Facebook opened itself up to high school kids in 2005. They signed up in droves because it was new, novel, and seemingly better than MySpace. Back then, you needed a computer to log into a social network. Since then, smart phones have come along, and with them came better options.
Twitter got big because of its clean functionality, ease of use, and the fact that everyone could see up-to-the-minute updates from their smartphone wielding friends. Kids live in the moment. Everything that’s happening “in the now” on Twitter is right at the top of the screen, and everything is in chronological order from newest to oldest. Meanwhile, Facebook screwed with our timelines by making them not chronological and by not showing us everyone’s updates.
Snapchat, which was originally known as a “sexting app”, has taken over the teenage audience because it’s a more attractive up-to-the-minute interface than Twitter, doesn’t require using text, and is less complicated to use and less pretentious than Instagram. Instagram users can upload photos and videos after they’ve edited the hell out of them in Photoshop. With Snapchat there is no upload option, the pictures have to be taken in the moment. You can write messages or draw on the pictures, but there are no filters or editing features. Plus, there’s something that seems to be attractive about the limited availability of a snapchat photo. It’s only on the screen for a few seconds, and if the recipient does a screen capture, the sender is notified.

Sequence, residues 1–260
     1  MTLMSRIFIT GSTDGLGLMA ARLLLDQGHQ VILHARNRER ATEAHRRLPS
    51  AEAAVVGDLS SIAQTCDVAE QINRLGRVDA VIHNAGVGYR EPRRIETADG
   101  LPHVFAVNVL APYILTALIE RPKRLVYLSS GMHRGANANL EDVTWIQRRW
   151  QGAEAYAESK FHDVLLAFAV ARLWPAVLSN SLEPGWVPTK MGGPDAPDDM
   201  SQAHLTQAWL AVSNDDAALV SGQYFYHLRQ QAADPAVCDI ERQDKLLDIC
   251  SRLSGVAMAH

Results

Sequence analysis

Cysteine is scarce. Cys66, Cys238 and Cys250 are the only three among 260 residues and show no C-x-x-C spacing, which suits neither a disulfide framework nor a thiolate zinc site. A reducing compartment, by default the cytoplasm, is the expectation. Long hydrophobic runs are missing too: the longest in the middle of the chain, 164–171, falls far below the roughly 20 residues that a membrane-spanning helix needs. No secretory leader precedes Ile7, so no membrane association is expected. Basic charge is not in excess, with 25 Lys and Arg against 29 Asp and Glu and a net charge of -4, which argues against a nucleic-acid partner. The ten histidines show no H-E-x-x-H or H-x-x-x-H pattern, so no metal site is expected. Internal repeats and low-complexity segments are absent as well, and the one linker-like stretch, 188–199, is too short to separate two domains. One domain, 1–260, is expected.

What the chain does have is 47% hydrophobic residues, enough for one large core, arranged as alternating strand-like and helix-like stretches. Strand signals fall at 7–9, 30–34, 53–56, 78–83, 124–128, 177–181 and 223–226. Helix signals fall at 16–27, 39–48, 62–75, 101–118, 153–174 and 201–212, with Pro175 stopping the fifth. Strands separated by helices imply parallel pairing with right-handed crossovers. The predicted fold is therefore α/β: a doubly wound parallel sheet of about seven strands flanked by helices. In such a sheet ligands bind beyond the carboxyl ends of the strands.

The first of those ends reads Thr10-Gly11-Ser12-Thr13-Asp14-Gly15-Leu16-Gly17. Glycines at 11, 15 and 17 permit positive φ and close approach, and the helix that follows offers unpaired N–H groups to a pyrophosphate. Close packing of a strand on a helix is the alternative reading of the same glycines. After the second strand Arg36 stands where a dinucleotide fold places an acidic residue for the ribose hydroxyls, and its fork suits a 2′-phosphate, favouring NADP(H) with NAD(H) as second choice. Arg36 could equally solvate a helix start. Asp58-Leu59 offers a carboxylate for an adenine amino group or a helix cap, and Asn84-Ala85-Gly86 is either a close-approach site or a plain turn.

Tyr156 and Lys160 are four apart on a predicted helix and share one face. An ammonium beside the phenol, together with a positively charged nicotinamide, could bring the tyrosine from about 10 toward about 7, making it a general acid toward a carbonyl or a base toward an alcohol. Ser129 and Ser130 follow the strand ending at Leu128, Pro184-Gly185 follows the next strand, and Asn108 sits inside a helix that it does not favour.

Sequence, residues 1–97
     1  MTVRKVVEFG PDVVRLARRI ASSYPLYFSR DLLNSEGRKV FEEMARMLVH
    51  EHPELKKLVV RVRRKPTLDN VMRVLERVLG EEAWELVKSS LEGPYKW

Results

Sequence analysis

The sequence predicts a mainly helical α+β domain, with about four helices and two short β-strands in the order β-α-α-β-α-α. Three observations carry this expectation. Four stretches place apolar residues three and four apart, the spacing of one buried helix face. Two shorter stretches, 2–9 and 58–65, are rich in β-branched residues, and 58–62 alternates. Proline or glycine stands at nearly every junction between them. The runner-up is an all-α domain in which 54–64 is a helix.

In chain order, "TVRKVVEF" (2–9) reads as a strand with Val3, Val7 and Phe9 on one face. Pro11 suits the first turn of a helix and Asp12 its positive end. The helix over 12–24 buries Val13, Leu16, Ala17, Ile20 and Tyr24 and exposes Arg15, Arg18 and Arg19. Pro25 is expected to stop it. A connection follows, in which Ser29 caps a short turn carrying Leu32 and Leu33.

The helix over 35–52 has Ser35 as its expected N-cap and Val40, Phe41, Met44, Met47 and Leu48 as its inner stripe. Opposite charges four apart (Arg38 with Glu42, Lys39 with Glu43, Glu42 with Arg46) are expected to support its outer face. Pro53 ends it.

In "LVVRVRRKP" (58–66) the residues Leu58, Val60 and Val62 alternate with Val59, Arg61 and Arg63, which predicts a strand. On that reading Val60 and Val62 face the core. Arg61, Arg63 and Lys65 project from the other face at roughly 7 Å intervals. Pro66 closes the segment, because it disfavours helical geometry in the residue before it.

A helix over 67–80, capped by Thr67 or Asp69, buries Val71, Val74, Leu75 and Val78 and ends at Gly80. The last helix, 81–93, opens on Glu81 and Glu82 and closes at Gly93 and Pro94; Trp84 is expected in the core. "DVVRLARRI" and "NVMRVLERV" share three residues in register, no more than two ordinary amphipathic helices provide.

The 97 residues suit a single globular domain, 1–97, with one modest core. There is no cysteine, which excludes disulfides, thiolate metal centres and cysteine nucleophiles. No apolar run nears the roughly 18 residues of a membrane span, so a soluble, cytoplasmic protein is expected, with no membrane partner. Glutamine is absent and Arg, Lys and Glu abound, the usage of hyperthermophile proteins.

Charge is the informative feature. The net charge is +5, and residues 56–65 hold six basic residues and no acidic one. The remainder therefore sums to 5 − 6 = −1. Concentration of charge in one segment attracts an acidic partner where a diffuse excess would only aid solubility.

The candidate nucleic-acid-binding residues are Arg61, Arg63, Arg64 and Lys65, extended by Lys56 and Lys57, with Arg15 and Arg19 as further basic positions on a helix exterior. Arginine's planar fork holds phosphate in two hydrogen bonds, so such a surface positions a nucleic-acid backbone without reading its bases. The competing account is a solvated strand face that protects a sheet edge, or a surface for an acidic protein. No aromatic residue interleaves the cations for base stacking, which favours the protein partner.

Snapchat is easy and interpersonal. Instagram’s photos aren’t so personal, especially the pictures of food. Facebook’s clunky mobile app takes more effort and you can never be certain your picture or message has reached its intended audience.
What Facebook seems to do well is helping people find and interact with old friends and helping to keep in touch with people far away. Teens don’t have “old friends”, and most of the people they care about are attending the same high school classes they are. Plus, even if they don’t see their friends face-to-face in any given day, sending them a picture on Snapchat takes only a few seconds. They can save Facebook for when they want to message grandma, who doesn’t have Snapchat.